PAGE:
Although OPSI has been extensively described in surgical and congenital asplenia1,21, the evidence for increased risk of OPSI in hyposplenism is poor and the risk usually depends on the severity of spleen impairment. OPSI is far more common within the first 3–5 years after splenectomy, but may start at any time after defective spleen function has occurred. Various definitions of OPSI have been released1,130,131, but they are usually defined by a rapid onset, fulminant septic shock, frequently leading to death within 24–48 h, and mostly sustained by encapsulated bacteria132. The site of infection is often cryptic, and prodromic symptoms are unspecific. Indeed, OPSI is a recognized complication in patients with SCD or other severe haematological diseases who usually have severe spleen dysfunction5,133, comparable to that in patients who have undergone splenectomy. In patients with coeliac disease, the risk of OPSI is unclear but they have a clearly increased risk of pneumococcal infections; thus, vaccination is warranted134,135. In other conditions, such as inflammatory bowel disease, the risk of severe infections by encapsulated bacteria is not clear and may be biased by the concomitant use of immunosuppressants or biological drugs and by disease activity136.

Thromboembolism is another clinical manifestation that may potentially occur in patients with asplenia or hyposplenism, but the available evidence relating to its epidemiology and risk factors is even more scarce than that regarding OPSI. An increased risk of thromboembolic events has certainly been found in patients who have undergone splenectomy, and this increased risk seems to be, at least partially, independent of the typical reactive thrombocytosis noted in these patients137,138. The patients included in the studies were hospitalized, which may have affected the risk of thromboembolism. In patients with hyposplenism, the contribution of the defective spleen function in determining thrombotic events remains unclear.

A certain association between the development of autoimmunity and defective spleen function has been postulated, particularly in coeliac disease, in which this risk depends on the duration of gluten-containing diet before diagnosis59. Additionally, patients with uncomplicated coeliac disease were found to have a lower prevalence of hyposplenism than those with other associated autoimmune conditions57. Hence, patients with coeliac disease who have additional autoimmune conditions should be screened for hyposplenism.

Hyposplenism should always be suspected in those with mesenteric lymph node cavitation syndrome, which is a very rare syndrome associated with coeliac disease, often refractory or complicated by enteropathy-associated T cell lymphoma, and spleen atrophy in most cases139. In this syndrome of unknown aetiology, the mesenteric lymph nodes show pseudocystic lesions with a large central cavity, surrounded by abundant fibrous tissue, and the spleen is often atrophic and small.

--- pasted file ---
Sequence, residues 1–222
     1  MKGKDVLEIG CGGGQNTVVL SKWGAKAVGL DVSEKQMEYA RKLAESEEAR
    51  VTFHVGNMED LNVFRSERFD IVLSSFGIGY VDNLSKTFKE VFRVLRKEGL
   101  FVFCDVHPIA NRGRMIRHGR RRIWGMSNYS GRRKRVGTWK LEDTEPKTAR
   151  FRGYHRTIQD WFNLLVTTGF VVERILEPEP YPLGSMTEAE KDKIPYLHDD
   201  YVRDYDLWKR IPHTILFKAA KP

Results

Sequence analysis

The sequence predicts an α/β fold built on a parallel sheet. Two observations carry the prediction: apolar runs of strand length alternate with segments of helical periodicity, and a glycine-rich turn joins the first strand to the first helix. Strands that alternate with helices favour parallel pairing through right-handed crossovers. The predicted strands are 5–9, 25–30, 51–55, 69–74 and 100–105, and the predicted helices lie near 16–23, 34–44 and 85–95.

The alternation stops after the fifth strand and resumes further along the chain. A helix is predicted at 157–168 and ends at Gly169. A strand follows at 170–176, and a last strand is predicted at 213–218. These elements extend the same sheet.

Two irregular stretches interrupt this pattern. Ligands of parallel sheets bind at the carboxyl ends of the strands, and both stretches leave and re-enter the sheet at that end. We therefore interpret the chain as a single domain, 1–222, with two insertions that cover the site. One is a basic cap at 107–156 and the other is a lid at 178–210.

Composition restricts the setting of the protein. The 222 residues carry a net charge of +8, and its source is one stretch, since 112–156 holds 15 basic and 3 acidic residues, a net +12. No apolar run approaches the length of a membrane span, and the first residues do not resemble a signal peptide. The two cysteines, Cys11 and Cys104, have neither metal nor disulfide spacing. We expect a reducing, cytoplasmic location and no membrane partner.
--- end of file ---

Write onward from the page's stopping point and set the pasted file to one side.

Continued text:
Finally, although spleen size does not necessarily correlate with its function, hyposplenism should be ruled out in patients with an incidental finding of a small-sized spleen (length <8 cm in men and <7.5 cm in women) on radiological imaging140. In fact, according to a study including 4,585 patients undergoing abdominal ultrasonography, 128 had a small spleen and 85 (66%) were hyposplenic (PCR count > 4%)140. Several causes of hyposplenism were identified, including oncological, haematological, and gastrointestinal diseases, and some of these patients had had previous severe infections.


Strategies to prevent negative effects of spleen absence or hypofunction differ between patients in whom the spleen has been surgically removed and those with hyposplenism. Spleen function can be partially preserved in patients who have undergone splenectomy. Those undergoing splenectomy for trauma can develop spontaneous splenosis, which is the seeding of spleen tissue within the peritoneal cavity141, that occurs soon after spleen rupture. Splenosis can also be deliberately performed by the surgeon to preserve minimum spleen function after spleen removal. It has been estimated that at least 20–30 cm3 of spleen tissue are needed to restore normal spleen function142.

Strategies aiming at preventing hyposplenism in specific clinical conditions have been poorly addressed. Generally, it is reasonable to assume that the treatment of the underlying disease could at least improve spleen impairment if it cannot revert it. For example, in coeliac disease, reducing diagnostic delay and starting a gluten-free diet early may prevent the development of hyposplenism58. Defective spleen function can be reverted by medical therapy (for example, with the use of steroids in patients with primary eosinophilic gastrointestinal disorders143 and the use of infliximab in patients with Crohn’s disease144). No evidence is available for other conditions associated with hyposplenism. Figure 4 schematically summarizes a diagnostic and overall management algorithm for patients with asplenia and hyposplenism.

Fig. 4: Diagnostic and management algorithm for patients with asplenia and hyposplenism.
figure 4